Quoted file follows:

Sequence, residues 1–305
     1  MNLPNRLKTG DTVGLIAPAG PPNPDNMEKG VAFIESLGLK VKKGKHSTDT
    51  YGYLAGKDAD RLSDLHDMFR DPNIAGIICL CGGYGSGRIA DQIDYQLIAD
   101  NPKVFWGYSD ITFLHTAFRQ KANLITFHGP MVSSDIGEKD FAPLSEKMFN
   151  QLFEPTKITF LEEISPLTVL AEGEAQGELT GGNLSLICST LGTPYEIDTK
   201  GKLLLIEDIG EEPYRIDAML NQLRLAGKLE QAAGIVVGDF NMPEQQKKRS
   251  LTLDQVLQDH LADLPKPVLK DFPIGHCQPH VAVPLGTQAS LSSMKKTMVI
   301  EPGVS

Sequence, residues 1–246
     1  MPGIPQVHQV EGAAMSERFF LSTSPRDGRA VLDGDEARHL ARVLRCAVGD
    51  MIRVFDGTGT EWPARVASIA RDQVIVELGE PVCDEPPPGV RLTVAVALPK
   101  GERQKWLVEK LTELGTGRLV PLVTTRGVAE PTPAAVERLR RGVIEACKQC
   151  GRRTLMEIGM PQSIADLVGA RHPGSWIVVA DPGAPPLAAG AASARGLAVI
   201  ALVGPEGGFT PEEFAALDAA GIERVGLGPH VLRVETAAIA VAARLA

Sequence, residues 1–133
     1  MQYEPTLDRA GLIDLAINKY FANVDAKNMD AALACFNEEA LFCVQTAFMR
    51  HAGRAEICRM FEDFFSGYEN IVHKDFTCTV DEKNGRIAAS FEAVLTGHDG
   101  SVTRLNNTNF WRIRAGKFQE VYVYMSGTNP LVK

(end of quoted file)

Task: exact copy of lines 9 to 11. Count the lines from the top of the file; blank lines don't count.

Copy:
Sequence, residues 1–246
     1  MPGIPQVHQV EGAAMSERFF LSTSPRDGRA VLDGDEARHL ARVLRCAVGD
    51  MIRVFDGTGT EWPARVASIA RDQVIVELGE PVCDEPPPGV RLTVAVALPK